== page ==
Many Christmases later, the Mom and her daughter added a wonderful man to their family. Over the course of six years, a new son and a Siberian Husky with haunting blue eyes joined them. They moved to a home in Ashland, Ky built in 1911 by an English company. Their new home with its an attic room, pantry, and a basement was a far cry from the trailer in Illinois. The house was deliciously old fashioned and practical.
In the living room, in front of the double French doors, across from a big fireplace, was the time and place for a “living tree” in all its glory. The memory of murdered trees led to this being a live tree, which would be planted in the yard in in the spring and become part of the family’s history. And so, the real tree was acquired with oohs and aahs from all.
It ended up being smaller than she wanted, but by the time it was potted and lifted on a platform the Scotch Pine was almost 6 feet. With a tall angel at the top and lights and family ornaments adorning it, the mom thought this was going to be the best Christmas ever for her daughter and the rest of her new family.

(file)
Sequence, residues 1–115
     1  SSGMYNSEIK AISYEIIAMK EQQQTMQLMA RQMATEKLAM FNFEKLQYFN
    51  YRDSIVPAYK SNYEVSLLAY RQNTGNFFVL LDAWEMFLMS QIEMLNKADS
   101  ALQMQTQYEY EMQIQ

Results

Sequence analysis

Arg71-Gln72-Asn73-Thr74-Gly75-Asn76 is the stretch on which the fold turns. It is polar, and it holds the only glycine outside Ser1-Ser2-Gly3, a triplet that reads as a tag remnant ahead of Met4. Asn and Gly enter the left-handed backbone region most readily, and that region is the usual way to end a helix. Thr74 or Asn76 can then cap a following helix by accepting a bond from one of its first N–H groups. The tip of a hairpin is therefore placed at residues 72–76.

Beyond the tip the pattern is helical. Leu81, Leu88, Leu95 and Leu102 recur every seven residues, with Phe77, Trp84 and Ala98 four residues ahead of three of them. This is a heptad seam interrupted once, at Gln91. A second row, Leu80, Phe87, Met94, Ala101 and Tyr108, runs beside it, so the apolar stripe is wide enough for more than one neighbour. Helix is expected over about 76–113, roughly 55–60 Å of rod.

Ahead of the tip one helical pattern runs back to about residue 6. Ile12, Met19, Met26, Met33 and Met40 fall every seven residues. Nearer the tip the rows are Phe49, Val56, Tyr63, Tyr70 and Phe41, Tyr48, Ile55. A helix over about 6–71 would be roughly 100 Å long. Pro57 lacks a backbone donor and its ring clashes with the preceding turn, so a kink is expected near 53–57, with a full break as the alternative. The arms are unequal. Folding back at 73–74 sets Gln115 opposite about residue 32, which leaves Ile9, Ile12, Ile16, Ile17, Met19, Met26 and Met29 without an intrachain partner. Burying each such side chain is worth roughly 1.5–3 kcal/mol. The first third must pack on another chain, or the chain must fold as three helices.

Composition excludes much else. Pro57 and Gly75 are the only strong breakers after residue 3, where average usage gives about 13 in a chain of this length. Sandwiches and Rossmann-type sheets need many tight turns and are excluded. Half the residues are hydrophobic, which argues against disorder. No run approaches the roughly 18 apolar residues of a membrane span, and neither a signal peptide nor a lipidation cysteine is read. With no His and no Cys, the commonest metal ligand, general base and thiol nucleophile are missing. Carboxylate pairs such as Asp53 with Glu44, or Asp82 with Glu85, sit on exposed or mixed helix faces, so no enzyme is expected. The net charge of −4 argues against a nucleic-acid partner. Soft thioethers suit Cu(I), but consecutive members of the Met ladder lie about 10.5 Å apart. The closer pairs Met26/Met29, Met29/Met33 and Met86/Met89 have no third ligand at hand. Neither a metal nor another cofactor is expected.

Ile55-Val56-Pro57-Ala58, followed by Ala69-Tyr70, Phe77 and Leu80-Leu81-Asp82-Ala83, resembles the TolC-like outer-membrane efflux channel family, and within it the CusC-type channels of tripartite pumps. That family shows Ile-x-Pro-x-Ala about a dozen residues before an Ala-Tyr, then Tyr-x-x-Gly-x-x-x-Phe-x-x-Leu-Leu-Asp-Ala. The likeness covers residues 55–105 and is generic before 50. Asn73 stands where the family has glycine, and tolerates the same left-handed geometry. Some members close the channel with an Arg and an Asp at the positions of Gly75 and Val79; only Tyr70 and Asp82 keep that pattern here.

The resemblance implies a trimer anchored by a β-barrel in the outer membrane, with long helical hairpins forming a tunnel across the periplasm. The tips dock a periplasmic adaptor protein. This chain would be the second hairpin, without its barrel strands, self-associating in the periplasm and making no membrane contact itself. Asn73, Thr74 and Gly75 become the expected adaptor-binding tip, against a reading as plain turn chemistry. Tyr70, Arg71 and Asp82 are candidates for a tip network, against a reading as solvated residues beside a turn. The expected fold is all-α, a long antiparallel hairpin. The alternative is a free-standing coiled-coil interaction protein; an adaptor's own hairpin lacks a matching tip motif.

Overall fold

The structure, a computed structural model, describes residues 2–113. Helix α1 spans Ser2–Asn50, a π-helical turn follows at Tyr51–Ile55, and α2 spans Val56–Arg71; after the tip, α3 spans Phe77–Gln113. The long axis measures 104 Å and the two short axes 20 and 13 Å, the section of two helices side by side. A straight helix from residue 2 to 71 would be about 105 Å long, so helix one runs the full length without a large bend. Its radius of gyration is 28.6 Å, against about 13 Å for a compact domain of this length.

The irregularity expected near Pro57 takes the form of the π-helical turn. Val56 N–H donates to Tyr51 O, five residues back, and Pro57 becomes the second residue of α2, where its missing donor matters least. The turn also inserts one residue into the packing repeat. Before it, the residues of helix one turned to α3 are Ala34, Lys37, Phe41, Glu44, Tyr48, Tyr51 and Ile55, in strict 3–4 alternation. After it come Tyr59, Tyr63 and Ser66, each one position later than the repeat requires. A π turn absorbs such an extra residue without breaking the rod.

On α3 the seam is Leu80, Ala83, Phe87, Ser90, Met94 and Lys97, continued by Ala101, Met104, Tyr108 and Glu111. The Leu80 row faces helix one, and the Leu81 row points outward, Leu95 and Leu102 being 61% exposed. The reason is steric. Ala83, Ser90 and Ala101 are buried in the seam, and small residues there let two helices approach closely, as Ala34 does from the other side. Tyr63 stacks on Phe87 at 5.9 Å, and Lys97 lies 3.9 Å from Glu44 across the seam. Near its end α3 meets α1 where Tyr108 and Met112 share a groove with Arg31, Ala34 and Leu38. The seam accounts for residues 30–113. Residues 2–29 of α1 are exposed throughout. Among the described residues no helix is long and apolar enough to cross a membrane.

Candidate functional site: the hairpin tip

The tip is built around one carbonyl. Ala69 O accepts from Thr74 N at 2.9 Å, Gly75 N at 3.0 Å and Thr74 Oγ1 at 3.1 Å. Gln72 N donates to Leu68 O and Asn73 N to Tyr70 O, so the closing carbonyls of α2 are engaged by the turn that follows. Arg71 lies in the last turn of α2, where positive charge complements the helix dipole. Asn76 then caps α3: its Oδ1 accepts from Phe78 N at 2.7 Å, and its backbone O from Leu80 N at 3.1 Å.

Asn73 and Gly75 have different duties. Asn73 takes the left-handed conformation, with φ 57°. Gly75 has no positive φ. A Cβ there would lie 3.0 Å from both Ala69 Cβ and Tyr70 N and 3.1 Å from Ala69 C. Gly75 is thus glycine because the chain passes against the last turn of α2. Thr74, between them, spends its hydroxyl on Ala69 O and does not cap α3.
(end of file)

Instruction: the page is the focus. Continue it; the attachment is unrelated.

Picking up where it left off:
Wendy, now 10, was an independent thinker and not as fickle as her mom. She did not believe this “living” tree was going to be the magic spell of the perfect Christmas. While cleaning the house, the Mom walked into her daughter’s room on the second floor. There, the she found the pitiful and much maligned aluminum tree glowing defiantly on top of the dresser. Wendy had adjusted the branches to make it fit.
Mom eventually recovered from her Christmas tree phobia. She began to appreciate that Christmas tree farmers need to feed their families. Trees were raised just for this purpose, like a florist and flowers.a
Faithful Wendy took the aluminum tree when she left the nest. She loved it and kept it thru many moves. To Mom’s amazement, it was her daughter’s love for that much maligned aluminum tree that showed its real spirit and beauty. Love takes many forms and love, after all, is the Christmas spirit.